The Bleeding Edge was a series of presentations at the annual STC conference (now the Summit). Its goal was to address cutting-edge technologies and methodologies that emerged too close to the conference to be addressed by the standard presentation proposal route. I proposed it after the 1998 conference after hearing comments that there weren’t enough advanced sessions. After approval by then STC-president Mark Hannigan and Assistant to the President Deborah Sauer, I launched the Bleeding Edge in 1999. I ran it from 1999 to 2014 except for a two year hiatus due to some organizational issues in 2008 and 2009.
Bleeding Edge presentations covered JavaHelp coding, XHTML, haptic interfaces (IBM sent a speaker from London, as I recall), the W3C RDF metadata standard, search engine optimization, XSLT, on-demand publishing, and similar topics. My Beyond the Bleeding Edge column in STC Intercom came out of the Bleeding Edge. The Bleeding Edge also spun off a “standards watch” session, with speakers discussing developments in bodies like the W3C and IEEE, and several “standards watch” columns in Intercom.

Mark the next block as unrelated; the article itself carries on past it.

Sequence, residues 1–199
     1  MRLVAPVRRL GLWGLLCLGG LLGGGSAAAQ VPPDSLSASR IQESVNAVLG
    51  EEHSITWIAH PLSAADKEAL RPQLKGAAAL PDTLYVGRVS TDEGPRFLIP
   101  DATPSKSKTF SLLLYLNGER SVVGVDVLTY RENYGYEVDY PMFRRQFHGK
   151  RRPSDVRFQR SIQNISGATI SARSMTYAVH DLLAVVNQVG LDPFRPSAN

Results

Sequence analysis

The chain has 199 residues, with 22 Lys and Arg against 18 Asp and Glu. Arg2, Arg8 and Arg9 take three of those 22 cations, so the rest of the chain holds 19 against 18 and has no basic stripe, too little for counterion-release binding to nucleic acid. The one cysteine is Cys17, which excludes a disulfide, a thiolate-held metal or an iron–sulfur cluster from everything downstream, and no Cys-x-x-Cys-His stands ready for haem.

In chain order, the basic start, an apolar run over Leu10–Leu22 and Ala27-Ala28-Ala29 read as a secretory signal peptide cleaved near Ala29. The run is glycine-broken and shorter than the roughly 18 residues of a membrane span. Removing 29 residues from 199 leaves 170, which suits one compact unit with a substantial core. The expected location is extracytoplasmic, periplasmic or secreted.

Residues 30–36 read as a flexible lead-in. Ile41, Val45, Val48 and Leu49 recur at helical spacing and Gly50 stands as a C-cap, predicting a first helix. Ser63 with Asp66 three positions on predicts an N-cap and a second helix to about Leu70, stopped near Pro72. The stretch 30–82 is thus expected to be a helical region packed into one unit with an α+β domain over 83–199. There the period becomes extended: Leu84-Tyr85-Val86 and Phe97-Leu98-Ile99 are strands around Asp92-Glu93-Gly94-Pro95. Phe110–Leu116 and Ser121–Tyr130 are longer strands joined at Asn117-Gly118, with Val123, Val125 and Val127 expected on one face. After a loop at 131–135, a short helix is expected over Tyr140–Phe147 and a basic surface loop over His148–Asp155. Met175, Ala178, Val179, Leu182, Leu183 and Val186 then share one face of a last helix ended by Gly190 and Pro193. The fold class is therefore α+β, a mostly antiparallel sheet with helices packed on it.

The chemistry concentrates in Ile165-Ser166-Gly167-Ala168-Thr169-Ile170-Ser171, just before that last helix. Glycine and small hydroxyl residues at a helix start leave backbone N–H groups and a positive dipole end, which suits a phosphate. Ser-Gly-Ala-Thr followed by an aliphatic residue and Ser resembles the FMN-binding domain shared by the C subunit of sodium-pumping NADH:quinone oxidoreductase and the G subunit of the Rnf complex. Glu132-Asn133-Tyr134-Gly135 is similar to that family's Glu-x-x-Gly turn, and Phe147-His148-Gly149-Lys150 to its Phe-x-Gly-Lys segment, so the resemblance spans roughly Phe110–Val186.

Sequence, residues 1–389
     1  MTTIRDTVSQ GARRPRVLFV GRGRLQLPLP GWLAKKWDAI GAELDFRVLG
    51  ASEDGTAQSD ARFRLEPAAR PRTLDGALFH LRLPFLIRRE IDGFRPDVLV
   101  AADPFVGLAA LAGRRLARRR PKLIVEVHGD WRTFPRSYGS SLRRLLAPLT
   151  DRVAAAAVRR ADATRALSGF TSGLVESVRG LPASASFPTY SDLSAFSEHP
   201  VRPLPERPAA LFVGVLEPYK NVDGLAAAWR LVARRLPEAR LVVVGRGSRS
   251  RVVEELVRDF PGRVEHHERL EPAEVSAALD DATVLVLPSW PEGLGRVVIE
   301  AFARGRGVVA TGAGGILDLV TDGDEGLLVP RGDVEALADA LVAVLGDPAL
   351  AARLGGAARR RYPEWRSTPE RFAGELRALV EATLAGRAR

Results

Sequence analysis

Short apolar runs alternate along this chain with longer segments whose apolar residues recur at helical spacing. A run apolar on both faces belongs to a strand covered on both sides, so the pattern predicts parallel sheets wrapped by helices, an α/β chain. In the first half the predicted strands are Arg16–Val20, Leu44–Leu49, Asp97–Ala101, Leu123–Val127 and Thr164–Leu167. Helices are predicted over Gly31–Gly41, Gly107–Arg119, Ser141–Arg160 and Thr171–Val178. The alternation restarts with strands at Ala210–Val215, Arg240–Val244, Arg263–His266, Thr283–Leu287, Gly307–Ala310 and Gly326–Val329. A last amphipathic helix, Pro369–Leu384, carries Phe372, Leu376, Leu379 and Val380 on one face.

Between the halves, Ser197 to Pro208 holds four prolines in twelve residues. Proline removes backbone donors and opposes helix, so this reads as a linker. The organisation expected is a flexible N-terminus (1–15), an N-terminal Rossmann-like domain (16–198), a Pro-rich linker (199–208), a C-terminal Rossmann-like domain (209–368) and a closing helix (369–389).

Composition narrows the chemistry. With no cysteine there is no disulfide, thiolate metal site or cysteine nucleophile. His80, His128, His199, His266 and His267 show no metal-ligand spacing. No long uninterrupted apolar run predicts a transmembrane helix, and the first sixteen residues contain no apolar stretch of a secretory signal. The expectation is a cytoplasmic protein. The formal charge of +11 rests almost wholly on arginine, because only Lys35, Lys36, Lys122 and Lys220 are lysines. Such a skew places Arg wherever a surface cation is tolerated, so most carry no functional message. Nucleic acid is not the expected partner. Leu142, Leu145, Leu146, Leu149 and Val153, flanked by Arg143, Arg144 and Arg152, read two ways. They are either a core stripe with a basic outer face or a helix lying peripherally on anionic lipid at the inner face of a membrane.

The Summit organizers decided not to run the Bleeding Edge in 2015 because they thought the Summit’s technical level had risen to the point where the Bleeding Edge was no longer needed. From what I saw of the presentations in Columbus, I agree. Although I’ll miss the Bleeding Edge, its demise is a positive sign for the Summit overall.
My thanks again to Mark Hannigan and Deborah Sauer, and to all the presenters over the years who did such an outstanding job of helping keep STC on the cutting (or “bleeding”) edge.